When business owners decide to sell their companies, they generally have two choices: sell to a strategic buyer — another company in their industry that wants to expand — or to a financial buyer, such as a private equity firm that needs to put investor capital to work by acquiring businesses.
A new survey of private-equity firms finds these firms generally optimistic, with 80 percent forecasting double-digit returns in 2013. But an equal share are expecting more competition for deals from strategic buyers in 2013 than last year.
Tom Angell is principal in charge of Rothstein Kass' private equity practice, which in June released its annual survey of 215 private equity firms that were polled during January and February. Rothstein Kass is a national accounting and consulting firm with offices in Roseland.
Angell said the nature of the U.S. economy over the past few years has resulted in more competition for private equity firms looking to do deals. He said the strategic buyers — for example, a technology company looking to acquire a rival and push into a new market or territory — may have an advantage.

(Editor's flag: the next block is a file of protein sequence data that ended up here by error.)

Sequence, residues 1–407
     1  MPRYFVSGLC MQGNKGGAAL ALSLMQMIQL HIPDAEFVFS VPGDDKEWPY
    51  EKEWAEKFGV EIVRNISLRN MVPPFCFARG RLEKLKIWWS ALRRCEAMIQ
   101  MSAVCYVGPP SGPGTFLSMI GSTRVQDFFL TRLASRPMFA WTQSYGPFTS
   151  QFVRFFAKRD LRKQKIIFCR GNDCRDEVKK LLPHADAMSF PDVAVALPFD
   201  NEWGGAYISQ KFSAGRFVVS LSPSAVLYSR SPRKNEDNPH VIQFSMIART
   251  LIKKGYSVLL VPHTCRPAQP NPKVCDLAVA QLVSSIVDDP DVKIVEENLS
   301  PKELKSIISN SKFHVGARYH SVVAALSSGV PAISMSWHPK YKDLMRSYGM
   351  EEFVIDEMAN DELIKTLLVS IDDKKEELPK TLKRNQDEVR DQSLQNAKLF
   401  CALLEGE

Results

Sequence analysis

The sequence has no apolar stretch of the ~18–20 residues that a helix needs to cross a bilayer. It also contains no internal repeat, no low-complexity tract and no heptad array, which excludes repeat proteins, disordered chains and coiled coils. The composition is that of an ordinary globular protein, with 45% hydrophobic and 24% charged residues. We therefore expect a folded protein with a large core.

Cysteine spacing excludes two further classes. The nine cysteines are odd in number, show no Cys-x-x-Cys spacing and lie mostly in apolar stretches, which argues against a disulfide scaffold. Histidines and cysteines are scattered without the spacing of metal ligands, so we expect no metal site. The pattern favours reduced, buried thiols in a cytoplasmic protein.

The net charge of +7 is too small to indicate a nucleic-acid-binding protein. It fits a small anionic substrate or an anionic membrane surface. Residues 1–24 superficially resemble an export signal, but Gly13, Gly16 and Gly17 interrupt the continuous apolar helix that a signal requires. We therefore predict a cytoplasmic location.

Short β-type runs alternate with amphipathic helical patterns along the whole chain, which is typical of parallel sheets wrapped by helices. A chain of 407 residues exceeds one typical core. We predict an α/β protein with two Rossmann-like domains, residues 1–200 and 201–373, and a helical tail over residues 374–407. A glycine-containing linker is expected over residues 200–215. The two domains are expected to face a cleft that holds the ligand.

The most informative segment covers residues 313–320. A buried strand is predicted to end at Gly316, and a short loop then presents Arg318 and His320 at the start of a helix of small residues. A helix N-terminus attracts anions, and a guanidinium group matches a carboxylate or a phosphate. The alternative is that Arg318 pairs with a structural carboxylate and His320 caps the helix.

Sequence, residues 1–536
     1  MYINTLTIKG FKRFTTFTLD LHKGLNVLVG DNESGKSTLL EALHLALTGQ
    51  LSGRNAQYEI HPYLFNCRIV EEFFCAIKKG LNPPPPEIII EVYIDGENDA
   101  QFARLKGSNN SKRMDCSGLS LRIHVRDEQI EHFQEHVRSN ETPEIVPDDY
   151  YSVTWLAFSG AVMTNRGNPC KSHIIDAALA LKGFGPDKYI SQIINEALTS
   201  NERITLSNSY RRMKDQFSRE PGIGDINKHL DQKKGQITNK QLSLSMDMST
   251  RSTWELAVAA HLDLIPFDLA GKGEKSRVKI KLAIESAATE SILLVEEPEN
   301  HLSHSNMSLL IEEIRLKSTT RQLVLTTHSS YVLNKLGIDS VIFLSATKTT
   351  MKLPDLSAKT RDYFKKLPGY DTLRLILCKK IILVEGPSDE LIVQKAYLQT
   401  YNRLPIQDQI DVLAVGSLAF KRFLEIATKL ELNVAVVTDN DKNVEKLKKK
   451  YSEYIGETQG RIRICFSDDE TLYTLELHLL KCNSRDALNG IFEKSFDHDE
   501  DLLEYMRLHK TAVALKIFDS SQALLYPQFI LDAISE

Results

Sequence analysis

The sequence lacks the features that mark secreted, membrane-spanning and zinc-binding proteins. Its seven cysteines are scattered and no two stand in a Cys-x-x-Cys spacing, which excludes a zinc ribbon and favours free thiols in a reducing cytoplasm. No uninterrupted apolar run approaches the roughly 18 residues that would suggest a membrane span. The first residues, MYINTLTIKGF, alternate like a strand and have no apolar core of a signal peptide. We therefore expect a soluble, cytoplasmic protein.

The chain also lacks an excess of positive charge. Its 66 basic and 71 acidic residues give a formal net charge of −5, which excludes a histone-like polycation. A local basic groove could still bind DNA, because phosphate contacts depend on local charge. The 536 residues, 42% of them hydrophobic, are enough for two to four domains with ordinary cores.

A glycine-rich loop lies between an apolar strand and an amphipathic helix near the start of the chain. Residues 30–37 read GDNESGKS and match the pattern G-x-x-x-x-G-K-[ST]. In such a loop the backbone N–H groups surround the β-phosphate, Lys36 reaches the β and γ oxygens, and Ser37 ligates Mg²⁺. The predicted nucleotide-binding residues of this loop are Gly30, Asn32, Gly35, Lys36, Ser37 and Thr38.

"It's easier for a strategic (buyer) to make a deal because they could pay more," Angell said. "The private equity fund's time horizon is shorter — usually seven to 10 years — where the strategic is looking more long-term and can extend that cost over a longer period of time."
And the strategic buyer, who knows the industry from the inside out, may go into a deal already aware of expense cuts that can make the deal work. "So the strategics could potentially pay more," he said.
And many strategic buyers have the means to do acquisitions, because "they are sitting on cash," Angell said. The economic uncertainty of the last few years has held companies back from investing in their own business or making acquisitions, so now they have cash to do deals.
"Selling is OK — but buying is a problem, because the prices are high," he said.
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